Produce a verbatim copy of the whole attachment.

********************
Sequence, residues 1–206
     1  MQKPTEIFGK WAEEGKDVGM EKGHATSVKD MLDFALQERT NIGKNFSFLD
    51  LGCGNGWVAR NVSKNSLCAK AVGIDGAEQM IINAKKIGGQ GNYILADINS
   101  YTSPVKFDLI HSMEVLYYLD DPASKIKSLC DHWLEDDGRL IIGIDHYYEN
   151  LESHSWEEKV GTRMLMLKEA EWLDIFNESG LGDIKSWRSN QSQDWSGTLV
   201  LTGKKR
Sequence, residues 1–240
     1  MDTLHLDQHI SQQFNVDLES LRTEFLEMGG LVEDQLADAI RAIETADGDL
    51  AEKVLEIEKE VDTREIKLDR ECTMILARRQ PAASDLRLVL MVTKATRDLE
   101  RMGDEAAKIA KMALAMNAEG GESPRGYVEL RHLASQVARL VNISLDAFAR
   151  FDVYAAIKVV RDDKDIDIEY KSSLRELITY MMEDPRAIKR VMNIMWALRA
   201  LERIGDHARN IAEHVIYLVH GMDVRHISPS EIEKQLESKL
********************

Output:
Sequence, residues 1–206
     1  MQKPTEIFGK WAEEGKDVGM EKGHATSVKD MLDFALQERT NIGKNFSFLD
    51  LGCGNGWVAR NVSKNSLCAK AVGIDGAEQM IINAKKIGGQ GNYILADINS
   101  YTSPVKFDLI HSMEVLYYLD DPASKIKSLC DHWLEDDGRL IIGIDHYYEN
   151  LESHSWEEKV GTRMLMLKEA EWLDIFNESG LGDIKSWRSN QSQDWSGTLV
   201  LTGKKR
Sequence, residues 1–240
     1  MDTLHLDQHI SQQFNVDLES LRTEFLEMGG LVEDQLADAI RAIETADGDL
    51  AEKVLEIEKE VDTREIKLDR ECTMILARRQ PAASDLRLVL MVTKATRDLE
   101  RMGDEAAKIA KMALAMNAEG GESPRGYVEL RHLASQVARL VNISLDAFAR
   151  FDVYAAIKVV RDDKDIDIEY KSSLRELITY MMEDPRAIKR VMNIMWALRA
   201  LERIGDHARN IAEHVIYLVH GMDVRHISPS EIEKQLESKL